Experts in a field report the results of their research in "scholarly articles." "Scholarly" just means that experts are the target audience for these articles.
Such articles are also called "peer-reviewed" because the authors peers -- other experts -- review them before publication.
There are good reasons to use scholarly articles in your paper. First, your professor might make you. Second, these articles are where you will find the newest, best information on a subject.
This page helps you find and identify scholarly PMED articles.
Scholarly articles are typically not freely available on the open web. Instead, these articles are freely available in library databases. (Think of a database as a collection of articles.)
"Nursing and allied health" databases are good sources of paramedicine articles. Two really good nursing and allied health databases are
The CINAHL and ProQuest tabs of this guide include links to these databases, plus tips on how to use them.
You can also find these databases (and more) by clicking the Databases link on the Mat-Su College library homepage:
Then navigate down the alphabetical list until you find CINAHL or Proquest Nursing:
Here are some questions you should ask yourself if you are ever unsure whether an article is scholarly.
What does the title of the article look like?
Titles of scholarly articles probably may use jargon specific to a field of research. They also give some indication that they are reporting the results of an experiment or study; look for words like “study,” “survey,” or “analysis” that tell you what kind of research the article contains. Here are some examples of scholarly article titles:
What is the name of the journal that this article is in?
Scholarly articles appear in what are called scholarly journals. These journals usually have names that contain words like “Journal” or the names of academic disciplines. Here are some examples of scholarly publication titles:
Who wrote it?
Scholarly articles are written by professors or researchers. The first page of a scholarly journal article will list the authors and their degrees and what university of laboratory they work for. Another clue is that articles with multiple authors are more likely to be scholarly. Articles without authors listed, or anonymous authors, are not scholarly.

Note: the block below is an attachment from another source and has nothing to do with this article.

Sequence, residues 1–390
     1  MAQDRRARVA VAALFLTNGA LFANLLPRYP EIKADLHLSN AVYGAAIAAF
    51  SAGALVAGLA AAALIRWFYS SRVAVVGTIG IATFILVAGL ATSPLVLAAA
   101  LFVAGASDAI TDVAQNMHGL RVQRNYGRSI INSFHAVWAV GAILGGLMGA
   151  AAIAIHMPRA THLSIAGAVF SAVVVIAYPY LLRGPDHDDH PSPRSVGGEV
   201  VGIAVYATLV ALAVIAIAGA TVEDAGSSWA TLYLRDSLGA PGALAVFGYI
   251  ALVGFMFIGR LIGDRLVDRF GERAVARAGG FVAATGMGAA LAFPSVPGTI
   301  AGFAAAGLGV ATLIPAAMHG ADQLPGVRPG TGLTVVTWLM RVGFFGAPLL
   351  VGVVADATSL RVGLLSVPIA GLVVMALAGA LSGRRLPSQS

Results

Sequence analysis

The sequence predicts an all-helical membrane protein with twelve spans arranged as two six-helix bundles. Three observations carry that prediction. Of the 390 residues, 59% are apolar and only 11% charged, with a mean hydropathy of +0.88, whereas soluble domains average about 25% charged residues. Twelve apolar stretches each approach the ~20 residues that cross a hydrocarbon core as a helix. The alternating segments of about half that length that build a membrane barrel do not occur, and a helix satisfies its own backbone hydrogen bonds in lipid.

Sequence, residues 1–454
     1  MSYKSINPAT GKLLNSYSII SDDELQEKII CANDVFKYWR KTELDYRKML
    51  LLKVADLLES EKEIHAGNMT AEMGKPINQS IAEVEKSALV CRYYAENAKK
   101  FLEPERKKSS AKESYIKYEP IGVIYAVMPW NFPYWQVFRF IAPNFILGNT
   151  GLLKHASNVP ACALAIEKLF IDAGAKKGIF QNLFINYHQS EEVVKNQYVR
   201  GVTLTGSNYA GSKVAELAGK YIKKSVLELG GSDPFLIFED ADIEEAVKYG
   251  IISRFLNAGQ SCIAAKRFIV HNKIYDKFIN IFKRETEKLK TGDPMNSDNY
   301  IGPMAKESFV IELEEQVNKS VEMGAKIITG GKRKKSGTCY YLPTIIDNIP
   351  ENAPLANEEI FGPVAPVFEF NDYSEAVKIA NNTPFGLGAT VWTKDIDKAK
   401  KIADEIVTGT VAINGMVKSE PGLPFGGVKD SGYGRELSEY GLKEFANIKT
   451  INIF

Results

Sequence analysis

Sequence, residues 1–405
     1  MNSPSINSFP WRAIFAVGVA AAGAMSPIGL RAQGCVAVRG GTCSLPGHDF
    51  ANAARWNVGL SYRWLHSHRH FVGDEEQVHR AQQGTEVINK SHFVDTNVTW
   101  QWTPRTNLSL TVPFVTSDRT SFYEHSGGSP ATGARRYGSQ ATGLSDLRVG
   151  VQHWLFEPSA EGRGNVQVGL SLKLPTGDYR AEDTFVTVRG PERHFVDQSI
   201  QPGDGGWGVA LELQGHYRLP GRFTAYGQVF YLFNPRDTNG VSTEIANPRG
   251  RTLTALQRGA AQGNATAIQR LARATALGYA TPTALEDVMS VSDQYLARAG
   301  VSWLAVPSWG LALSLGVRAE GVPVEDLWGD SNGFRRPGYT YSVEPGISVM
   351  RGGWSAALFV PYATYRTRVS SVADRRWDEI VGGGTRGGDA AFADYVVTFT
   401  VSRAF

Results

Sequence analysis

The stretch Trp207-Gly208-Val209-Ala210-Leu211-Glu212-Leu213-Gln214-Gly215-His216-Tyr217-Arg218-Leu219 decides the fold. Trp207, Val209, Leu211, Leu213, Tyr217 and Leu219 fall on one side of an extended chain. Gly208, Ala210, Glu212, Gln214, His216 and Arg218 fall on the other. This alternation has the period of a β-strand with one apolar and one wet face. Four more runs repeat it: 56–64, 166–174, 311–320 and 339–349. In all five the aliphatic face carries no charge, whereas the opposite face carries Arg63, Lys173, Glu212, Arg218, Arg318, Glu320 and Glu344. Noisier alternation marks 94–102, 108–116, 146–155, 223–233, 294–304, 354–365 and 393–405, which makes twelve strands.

How is it organized?
Scholarly articles are usually (but not always) divided into labeled sections such as abstract, introduction, literature review (or background), methods, results, discussion, and conclusion.
What does it look like?
It is very common for scholarly articles to have charts, graphs, and tables that display the statistical findings of their research. Scholarly articles typically will not have pictures unless these pictures demonstrate some important point (i.e., the pictures aren't there as eye candy).
Are there references?
Scholarly articles contain extensive citations, both in the body of the text and at the end of the article. Articles without citations are not scholarly.
How long is it?
Scholarly articles are always several pages long or longer. Many are over five pages, and some are even 30 or 40 pages long.
There is another way to find out if an article is scholarly. We subscribe to a database called Ulrichsweb. It has information on periodicals such as journals and magazines. It will often say if a journal is scholarly.
Within Ulrichsweb, search the name of the journal you want to check. In the search results, look for a referee jersey icon next to the name of the journal you searched for. The referee jersey indicates that the journal is refereed (aka scholarly or peer-reviewed):